I understand that "Something Wicked..." has its origins in the short story "Black Ferris", which Bradbury turned into a screen treatment for Gene Kelly, and subsequently turned into a novel (and then back into a screenplay!)
However, there is a cryptic copyright note in some editions of "Wicked" which suggest that a small part of it had been previously published in Mademoiselle magazine. Does anyone know which part, and when?
I don't know for sure, but here's some related information (see bottom for Mademoiselle entries):
My Bantam paperback edition of SWTWC, on the copyright page, states:
"A small portion of this novel has appeared previously in MADEMOISELLE."
In the Gauntlet Publications edition of DARK CARNIVAL, Ray Bradbury's original afterward is reproduced. In it, it states:
"I grew up to write a book DARK CARNIVAL, to have vampire stories in the staid magazines of MADEMOISELLE and HARPERS . . ."
In the afterword of the recent Avon hardcover edition of SWTWC, Bradbury writes:
"She [Maggie] was right. I found a story, 'The Black Ferris,' that I had planned to use under the name 'Dark Carnival' in my first book. The story was never finished and the book DARK CARNIVAL was published minus its title fantasy."
In this same afterword, he also writes that he, ". . . wrote an eighty-page screenplay based on that unpublished tale and my far-traveling long-after-midnight carnival truly arrived."
In the RAY BRADBURY COMPANION (William Nolan, there is the following:
"Invisible Boy" was published in Mademoiselle in Nov 1945.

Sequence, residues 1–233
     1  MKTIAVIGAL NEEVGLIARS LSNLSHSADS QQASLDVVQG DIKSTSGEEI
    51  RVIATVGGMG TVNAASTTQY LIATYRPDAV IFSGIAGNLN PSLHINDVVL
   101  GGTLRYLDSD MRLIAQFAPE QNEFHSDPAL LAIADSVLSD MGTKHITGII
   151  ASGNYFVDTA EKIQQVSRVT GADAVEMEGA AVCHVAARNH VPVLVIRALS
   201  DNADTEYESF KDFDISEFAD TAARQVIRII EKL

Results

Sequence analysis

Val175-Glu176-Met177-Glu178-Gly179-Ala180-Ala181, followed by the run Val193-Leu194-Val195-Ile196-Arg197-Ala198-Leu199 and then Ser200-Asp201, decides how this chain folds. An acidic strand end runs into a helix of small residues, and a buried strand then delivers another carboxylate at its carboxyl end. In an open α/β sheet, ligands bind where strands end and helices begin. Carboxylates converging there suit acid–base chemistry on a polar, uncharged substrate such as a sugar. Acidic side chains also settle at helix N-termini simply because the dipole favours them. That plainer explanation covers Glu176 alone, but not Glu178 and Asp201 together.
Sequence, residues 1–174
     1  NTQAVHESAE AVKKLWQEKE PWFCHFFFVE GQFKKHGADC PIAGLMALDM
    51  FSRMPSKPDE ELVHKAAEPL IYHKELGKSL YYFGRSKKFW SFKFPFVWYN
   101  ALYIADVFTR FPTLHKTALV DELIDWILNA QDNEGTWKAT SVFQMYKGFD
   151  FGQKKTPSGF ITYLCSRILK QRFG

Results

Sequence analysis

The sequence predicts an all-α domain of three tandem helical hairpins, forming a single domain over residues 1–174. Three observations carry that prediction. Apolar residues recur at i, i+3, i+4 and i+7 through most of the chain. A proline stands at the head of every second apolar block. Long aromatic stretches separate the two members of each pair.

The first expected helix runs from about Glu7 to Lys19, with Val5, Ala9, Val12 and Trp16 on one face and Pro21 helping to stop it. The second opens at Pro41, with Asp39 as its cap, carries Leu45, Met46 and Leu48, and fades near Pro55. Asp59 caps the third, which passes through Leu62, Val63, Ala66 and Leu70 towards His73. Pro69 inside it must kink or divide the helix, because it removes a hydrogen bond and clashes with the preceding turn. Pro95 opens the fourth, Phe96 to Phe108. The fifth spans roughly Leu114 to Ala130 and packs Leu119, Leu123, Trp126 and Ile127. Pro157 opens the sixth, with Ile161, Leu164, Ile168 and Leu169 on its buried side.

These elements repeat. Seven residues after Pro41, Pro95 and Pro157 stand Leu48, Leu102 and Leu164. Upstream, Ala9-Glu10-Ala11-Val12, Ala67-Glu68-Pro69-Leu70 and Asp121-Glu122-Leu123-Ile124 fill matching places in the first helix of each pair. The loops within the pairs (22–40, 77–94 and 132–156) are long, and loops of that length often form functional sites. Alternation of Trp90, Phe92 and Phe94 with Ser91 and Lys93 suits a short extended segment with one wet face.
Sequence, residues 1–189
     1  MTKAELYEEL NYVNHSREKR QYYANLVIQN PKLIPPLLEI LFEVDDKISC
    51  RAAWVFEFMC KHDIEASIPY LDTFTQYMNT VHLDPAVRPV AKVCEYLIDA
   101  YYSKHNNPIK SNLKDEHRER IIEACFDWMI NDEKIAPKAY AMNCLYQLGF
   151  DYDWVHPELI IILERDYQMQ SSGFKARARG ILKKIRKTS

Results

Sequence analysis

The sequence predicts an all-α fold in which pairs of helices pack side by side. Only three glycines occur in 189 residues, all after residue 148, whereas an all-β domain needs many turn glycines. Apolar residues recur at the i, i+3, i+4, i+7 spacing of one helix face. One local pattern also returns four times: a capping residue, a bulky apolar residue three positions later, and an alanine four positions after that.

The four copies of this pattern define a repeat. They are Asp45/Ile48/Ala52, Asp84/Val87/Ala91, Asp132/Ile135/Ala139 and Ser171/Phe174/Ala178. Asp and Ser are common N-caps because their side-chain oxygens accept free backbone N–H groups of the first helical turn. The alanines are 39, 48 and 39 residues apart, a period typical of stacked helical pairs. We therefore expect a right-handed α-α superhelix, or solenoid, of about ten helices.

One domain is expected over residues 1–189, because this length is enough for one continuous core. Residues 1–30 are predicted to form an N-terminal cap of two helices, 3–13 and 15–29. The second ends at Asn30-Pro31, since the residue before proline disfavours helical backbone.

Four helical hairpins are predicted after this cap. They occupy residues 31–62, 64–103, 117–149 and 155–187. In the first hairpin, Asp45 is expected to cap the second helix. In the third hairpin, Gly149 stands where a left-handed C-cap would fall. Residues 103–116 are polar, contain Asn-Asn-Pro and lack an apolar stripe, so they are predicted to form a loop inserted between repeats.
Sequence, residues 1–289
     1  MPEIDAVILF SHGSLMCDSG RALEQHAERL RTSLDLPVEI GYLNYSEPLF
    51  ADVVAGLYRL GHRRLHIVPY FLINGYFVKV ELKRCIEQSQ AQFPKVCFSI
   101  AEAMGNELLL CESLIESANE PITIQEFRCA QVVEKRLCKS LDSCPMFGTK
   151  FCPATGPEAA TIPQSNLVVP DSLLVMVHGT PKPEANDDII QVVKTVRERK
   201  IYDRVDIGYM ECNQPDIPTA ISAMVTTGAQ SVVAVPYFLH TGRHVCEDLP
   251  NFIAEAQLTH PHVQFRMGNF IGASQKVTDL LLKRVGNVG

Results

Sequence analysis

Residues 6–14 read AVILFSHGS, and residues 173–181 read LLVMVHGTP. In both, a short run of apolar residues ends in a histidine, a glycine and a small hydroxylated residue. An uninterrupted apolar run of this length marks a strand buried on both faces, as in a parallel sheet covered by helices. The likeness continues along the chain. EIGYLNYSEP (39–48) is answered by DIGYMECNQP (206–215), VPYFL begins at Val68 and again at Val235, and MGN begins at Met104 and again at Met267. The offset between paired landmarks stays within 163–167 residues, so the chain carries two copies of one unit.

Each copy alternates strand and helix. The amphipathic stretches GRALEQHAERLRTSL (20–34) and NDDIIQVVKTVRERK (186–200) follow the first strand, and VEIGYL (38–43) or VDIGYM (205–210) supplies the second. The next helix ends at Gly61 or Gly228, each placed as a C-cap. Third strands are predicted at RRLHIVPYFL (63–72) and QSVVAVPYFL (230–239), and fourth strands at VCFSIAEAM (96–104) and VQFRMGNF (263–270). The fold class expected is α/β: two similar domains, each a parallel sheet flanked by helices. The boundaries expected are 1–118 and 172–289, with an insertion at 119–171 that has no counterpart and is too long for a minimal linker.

"Homecoming" was published in Mademoiselle in Oct 1946.
"Nightmare Carousel" was published in Mademoiselle in Jan 1962.
"Paris by Stopwatch" was published in Mademoiselle in Mar 1960.
Perhaps "Nightmare Carousel"?
[This message has been edited by Mr. Dark (edited 03-13-2004).]
Thanks, Mr Dark, for a very detailed response. I know of one other story which is allegedly from Mademoiselle: "The Cistern". However, I'm not of my source for this one.
"Nightmare Carousel" and "Paris by Stopwatch" are new ones on me. I wonder if these should be added to dandelion's list of uncollected stories.
I can imagine "Nightmare Carousel" being a part of Something Wicked. Anyone have any more detail on this?
I think I have an answer to my own question: William Contento's Homeville website (http://users.ev1.net/~homeville/fictionmag/s126.htm#TOP) gives the following citation for "Nightmare Carousel":
Nightmare Carousel [from Something Wicked This Way Comes], (ex) New York: Simon & Schuster 1962; Argosy (UK) Oct 1962
So it would seem that it is an EXCERPT from the novel. However, note that Contento gives its only appearance as Argosy.
This now prompts me to think about chronology. Nightmare Carousel appears in Mademoiselle in January 1962; Something Wicked is published (I believe) in September 1962; Argosy publishes Nightmare Carousel in the UK in October 1962; the UK edition of Something Wicked appears in 1963.
I think that settles the question about Something Wicked. The only mystery now is over "Paris by Stopwatch". Whatever happened to this story?
[This message has been edited by philnic (edited 03-13-2004).]
About the use of the phrase, "Something Wicked This Way Comes"